Hiroshima celebrates 76th anniversary of atomic bomb, calls for end to nuclear deterrence



Hiroshima marked the 76th anniversary of the United States’ atomic bombing on Friday, its mayor urging world leaders to move from nuclear deterrence to a dialogue of confidence.

At the annual ceremony, which was reduced once again this year amid the surge in coronavirus infections across Japan, Hiroshima Mayor Kazumi Matsui called on world leaders to support a Treaty of Nations United Nations to ban nuclear weapons that went into effect in January.

After a moment of silence observed at 8.15 a.m., the exact time of the attack of August 6, 1945, the mayor also stressed the importance of combining individual efforts, especially among young people, to encourage states with nuclear weapons to modify their Strategies.

“The road to abolition will not be easy, but a glimmer of hope is shining among the young people who are now embarking on the quest for hibakusha,” he said, referring to the survivors of the atomic bombings of ‘Hiroshima and Nagasaki, whose numbers are declining rapidly due to their old age.

Matsui stressed that his city will never stop preserving the facts of the disaster and will continue to promote a global culture of peace.

“Nuclear weapons are the ultimate human violence. If civil society decides to live without them, the door to a world without nuclear weapons will open wide,” he said.

In a speech at the event, Prime Minister Yoshihide Suga stressed the need for “realistic initiatives” in favor of nuclear disarmament in a context of severe security and growing differences between the positions of nations.

On Friday, people pray outside a monument at the Peace Memorial Park near Ground Zero in Hiroshima. | KYODO

At the current Tokyo Olympics, athletes and officials were not asked to observe a minute of silence despite requests from the Hiroshima municipal government and other groups to participate “in spirit.”

The requests were made after the president of the International Olympic Committee Thomas Bach visited Hiroshima on July 16, a week before the opening of the Olympics. During his visit, Bach called for global solidarity to build a more peaceful future.

As for the UN Treaty on the Prohibition of Nuclear Weapons, which currently has 86 signatory states, Matsui called on the Japanese government to sign and ratify it in order to conduct “productive mediation” between nuclear and non-nuclear states. .

Japan has refused to participate in the Treaty on the Prohibition of Nuclear Weapons with the nuclear weapon states of the world because it is under the US nuclear umbrella.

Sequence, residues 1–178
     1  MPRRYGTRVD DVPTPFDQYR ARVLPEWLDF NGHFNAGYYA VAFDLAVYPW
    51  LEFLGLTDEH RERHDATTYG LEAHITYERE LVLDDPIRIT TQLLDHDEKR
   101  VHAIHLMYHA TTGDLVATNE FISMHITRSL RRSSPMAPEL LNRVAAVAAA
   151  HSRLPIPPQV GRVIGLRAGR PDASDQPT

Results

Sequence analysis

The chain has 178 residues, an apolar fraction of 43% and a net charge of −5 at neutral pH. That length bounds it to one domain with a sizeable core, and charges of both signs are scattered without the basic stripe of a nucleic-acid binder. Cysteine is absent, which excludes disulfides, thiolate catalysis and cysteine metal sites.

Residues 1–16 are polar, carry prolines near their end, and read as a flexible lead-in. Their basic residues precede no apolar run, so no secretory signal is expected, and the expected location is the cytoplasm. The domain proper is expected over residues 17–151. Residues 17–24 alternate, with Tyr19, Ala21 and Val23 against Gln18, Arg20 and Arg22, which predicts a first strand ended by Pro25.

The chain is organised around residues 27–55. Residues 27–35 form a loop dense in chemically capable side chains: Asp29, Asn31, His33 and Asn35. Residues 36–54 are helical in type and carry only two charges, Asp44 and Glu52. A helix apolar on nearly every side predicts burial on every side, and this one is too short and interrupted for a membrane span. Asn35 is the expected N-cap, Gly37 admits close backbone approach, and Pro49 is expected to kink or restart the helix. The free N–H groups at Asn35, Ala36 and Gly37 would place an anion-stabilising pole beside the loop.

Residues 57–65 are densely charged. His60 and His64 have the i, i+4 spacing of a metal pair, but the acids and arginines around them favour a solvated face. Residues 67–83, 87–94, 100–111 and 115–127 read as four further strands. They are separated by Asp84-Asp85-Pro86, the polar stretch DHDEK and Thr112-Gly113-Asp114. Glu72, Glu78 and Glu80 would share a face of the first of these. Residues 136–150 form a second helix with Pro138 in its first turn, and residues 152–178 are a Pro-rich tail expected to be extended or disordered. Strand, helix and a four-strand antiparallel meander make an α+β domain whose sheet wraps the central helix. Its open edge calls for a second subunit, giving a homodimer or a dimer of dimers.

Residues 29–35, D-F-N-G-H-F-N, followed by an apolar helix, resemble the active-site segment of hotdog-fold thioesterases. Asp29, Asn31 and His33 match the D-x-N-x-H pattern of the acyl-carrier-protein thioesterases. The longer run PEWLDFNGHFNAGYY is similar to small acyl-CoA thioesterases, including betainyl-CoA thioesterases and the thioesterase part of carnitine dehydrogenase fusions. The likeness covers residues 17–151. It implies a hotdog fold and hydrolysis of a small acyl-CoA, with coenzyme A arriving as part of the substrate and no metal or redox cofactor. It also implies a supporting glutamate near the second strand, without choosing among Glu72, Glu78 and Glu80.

Suga, who was attending the ceremony for the first time as prime minister, did not refer to the new treaty in his speech, but said the government would continue to strive to make the next review conference successful. of the nuclear non-proliferation treaty by finding common ground between countries.

Suga accidentally skipped parts of his speech and then apologized for the mistake.

“I want to take this opportunity to apologize for skipping parts of my speech during the ceremony,” the Prime Minister said at a press conference after the ceremony.

Parts ignored included references to Japan being the only country to have suffered atomic bombing and its mission to achieve a nuclear-weapon-free world.

He skipped a page and the error was noticed when public broadcaster NHK stopped showing captions during his speech at the anniversary ceremony.

On Friday, doves are released in the hope of peace at the Peace Memorial Park in Hiroshima.  |  KYODO
On Friday, doves are released in the hope of peace at the Peace Memorial Park in Hiroshima. | KYODO

In a video message, UN Secretary-General Antonio Guterres, who again decided to forgo attending the ceremony due to the pandemic, said: “The only guarantee against the use of nuclear weapons is their elimination. total “.

The number of guests with seats was limited to around 880, less than 10% of those in typical years.

The city said officials from 86 countries and the European Union would attend the ceremony.

A uranium nucleus atomic bomb dubbed “Little Boy”, dropped by an American bomber, exploded over the city at 8:15 am on August 6, 1945, killing an estimated 140,000 people by the end of the year.

A second atomic bomb was dropped on Nagasaki on August 9, and Japan surrendered six days later, marking the end of World War II.

The combined number of surviving victims of the two atomic bombings stood at 127,755 in March, down about 8,900 from the previous year, the Department of Health, Labor and Welfare said, adding that their average age was 83.94 years.

In a time of both disinformation and too much information, quality journalism is more crucial than ever.
By subscribing you can help us tell the story well.




Leave A Reply

Your email address will not be published.